Why Nexus Matters to Colorado Companies?
In the last few years, state Departments of Revenue have steadily increased their review, assessment and collection efforts of outstanding sales, use, franchise and other tax liabilities.
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The seemingly endless parade of tax regulation changes has made it more difficult for management to keep pace with their compliance obligations. Unfortunately, this creates an opportunity for states to create additional revenue through penalties and other fines. Companies with operations in more than one state are often familiar with the term nexus, what it means, and closely monitor its impact on tax planning and compliance. However, others may be familiar with the term and impact on the company. Regardless of company size it’s important to become familiar with nexus, how it’s determined and the potential impact on planning efforts. To help clients, prospects and others become familiar with nexus and how it is determined, Hanson & Co has provided a summary of key information below.
Nexus is a legal term used to describe the amount and degree of a taxpayer’s business activity that must occur within a state before they become subject to state income, sales, franchise or other tax types.
How is Nexus Established?
Nexus can be established in a variety of ways. Some are more common sense than others, but all of them result in an additional tax liability for a company. While the rules vary by state, the general criteria by which nexus can be created include: having inventory, leased property or employees in a state, accepting or soliciting orders from another state (speaks to online or “Amazon” nexus), and the use of a web hosting server or sharing space on a third party server in another state.
Types of Nexus Classifications
- Physical Nexus – This occurs when a company has a temporary or permanent physical presence in a state, which may include physical inventory and a warehouse, equipment, offices or employees located within the state. Temporary presence can result from traveling employees visiting a state to meet with customers or prospects, attend tradeshows or even where inventory is consigned in warehouses.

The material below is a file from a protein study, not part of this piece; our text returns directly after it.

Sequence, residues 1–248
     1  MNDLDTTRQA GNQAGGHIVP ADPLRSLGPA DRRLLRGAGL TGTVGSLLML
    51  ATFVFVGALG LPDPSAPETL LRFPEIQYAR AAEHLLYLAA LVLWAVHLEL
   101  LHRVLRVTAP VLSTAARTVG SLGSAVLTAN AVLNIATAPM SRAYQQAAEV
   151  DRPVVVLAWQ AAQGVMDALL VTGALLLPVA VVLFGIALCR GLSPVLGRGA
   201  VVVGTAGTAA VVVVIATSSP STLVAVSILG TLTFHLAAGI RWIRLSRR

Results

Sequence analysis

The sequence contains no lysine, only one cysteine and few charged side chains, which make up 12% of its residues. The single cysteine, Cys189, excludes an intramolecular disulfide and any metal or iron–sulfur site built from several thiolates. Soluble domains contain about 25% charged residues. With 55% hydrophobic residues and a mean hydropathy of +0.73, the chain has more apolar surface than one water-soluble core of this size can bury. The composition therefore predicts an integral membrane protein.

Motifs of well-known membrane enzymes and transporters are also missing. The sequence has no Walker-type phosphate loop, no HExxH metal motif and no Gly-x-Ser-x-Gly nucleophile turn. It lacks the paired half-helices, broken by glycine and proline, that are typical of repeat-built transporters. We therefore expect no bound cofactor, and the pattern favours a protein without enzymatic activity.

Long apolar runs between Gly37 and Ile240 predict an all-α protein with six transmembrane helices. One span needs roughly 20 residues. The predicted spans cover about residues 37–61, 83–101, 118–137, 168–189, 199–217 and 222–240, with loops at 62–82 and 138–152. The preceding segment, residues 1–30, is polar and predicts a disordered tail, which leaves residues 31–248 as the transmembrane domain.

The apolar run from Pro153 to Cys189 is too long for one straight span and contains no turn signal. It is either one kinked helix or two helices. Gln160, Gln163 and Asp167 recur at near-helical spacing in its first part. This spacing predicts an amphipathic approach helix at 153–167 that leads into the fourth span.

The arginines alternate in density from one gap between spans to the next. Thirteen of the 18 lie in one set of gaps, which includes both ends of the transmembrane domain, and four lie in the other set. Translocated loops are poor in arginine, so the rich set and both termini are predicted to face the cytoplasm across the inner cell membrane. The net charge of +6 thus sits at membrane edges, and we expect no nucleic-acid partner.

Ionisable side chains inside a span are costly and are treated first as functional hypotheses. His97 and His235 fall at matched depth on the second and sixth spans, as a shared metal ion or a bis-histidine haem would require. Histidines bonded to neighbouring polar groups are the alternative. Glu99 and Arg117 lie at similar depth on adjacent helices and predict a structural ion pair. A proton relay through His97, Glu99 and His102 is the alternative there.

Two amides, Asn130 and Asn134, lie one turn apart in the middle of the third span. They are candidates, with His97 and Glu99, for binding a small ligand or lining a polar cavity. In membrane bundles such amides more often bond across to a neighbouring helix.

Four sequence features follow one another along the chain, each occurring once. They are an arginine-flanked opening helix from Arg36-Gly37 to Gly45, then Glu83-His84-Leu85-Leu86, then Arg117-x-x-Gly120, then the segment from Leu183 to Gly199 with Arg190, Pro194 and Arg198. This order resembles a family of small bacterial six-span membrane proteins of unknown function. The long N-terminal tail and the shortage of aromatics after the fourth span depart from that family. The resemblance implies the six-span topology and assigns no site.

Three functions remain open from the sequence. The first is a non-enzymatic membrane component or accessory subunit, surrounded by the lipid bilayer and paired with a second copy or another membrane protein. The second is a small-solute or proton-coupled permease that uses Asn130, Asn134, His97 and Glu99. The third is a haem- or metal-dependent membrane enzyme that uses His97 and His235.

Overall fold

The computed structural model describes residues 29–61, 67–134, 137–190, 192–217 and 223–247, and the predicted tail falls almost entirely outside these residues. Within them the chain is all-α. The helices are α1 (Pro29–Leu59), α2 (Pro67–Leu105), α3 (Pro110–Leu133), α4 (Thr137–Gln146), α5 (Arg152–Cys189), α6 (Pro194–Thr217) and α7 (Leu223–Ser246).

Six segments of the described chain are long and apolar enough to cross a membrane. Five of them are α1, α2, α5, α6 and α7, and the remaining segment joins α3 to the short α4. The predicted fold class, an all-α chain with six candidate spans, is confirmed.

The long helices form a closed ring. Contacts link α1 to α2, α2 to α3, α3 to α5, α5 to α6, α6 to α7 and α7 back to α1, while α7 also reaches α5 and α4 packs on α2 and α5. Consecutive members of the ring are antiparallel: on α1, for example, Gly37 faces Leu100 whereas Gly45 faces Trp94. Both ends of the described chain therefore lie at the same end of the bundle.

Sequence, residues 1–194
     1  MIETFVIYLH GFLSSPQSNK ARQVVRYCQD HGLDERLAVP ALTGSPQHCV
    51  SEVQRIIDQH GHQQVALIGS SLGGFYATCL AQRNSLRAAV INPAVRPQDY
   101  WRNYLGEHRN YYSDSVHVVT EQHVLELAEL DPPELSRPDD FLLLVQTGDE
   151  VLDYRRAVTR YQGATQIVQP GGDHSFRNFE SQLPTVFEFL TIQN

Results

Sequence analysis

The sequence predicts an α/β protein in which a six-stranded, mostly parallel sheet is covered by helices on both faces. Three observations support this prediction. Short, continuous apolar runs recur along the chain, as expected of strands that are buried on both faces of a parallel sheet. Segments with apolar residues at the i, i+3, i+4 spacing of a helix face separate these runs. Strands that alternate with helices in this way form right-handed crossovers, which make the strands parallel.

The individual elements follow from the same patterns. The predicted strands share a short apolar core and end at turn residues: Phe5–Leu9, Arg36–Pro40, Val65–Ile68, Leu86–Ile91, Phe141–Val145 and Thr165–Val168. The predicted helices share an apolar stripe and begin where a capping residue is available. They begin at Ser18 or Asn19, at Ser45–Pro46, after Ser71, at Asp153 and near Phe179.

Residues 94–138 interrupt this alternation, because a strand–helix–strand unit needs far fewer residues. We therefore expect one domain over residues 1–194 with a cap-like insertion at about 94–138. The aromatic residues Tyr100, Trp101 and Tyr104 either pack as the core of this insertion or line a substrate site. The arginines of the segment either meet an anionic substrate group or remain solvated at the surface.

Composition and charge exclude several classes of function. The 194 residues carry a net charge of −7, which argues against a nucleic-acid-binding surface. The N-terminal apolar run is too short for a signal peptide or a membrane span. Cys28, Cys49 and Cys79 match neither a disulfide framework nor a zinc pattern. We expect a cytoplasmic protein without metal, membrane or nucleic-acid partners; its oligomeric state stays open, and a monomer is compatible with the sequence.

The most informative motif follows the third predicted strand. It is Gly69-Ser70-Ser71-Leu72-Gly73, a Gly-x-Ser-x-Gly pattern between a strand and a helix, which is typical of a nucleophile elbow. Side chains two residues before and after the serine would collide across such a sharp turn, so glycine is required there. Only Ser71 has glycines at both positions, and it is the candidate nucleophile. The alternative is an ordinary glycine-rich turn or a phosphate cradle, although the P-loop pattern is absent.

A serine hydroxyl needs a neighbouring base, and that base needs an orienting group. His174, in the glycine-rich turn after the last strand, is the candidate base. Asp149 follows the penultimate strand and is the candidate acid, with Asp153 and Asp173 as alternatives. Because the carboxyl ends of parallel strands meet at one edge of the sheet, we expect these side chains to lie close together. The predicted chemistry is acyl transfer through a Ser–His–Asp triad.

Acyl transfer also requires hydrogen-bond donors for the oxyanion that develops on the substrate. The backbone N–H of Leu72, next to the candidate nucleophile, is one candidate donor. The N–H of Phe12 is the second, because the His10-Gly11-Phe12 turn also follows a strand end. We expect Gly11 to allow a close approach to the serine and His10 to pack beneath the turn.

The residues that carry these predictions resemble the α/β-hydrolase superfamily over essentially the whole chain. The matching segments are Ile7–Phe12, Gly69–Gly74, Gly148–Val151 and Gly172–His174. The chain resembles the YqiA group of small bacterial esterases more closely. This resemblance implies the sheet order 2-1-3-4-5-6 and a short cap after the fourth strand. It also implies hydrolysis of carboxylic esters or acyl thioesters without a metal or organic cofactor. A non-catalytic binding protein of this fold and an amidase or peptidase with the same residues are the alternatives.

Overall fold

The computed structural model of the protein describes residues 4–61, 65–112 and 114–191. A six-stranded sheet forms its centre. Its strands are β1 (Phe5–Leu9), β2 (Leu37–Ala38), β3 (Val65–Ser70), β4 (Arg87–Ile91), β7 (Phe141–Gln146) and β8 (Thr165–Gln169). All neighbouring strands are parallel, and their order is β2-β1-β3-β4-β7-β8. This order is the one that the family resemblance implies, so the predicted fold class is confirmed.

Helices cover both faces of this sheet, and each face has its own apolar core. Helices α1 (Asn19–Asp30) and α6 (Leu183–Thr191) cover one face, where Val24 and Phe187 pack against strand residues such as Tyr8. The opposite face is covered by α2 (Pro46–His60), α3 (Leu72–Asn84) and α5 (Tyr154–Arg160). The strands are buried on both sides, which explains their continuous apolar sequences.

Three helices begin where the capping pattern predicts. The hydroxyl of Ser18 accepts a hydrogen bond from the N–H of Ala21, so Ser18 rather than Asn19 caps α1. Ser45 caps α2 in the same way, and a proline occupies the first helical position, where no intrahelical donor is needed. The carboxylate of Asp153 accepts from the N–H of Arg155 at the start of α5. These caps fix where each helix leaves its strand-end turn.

- Click-Through Nexus – This occurs when a company meets a minimum sales amount resulting from referrals made by an in-state affiliate (Amazon, Overstock.com, etc.). Note that these affiliates are not employees or independent contractors of the company. This means that an online retailer could have a nexus responsibility in multiple states depending on where affiliates are allowed to be based. Currently there are more than 20 states that have a click-through nexus law in effect.
- Economic Nexus – This occurs when a company passes a “presence test,” which generally involves assessing property, payroll or sales within a state. In certain circumstances it can be a combination of the three. Currently there are over 40 states that have an economic nexus test for outside companies.
The last thing a business owner or manager wants to face is a letter from a state Department of Revenue informing them of an unexpected nexus liability. Once the letter is received it’s too late to take proactive planning or action steps. If you’re company is interested in conducting a nexus review or has questions about state income, sales, franchise or other taxes, Hanson & Co is here to help. For additional information please contact us at (303) 388-1010, or click here to contact us. We look forward to speaking with you soon.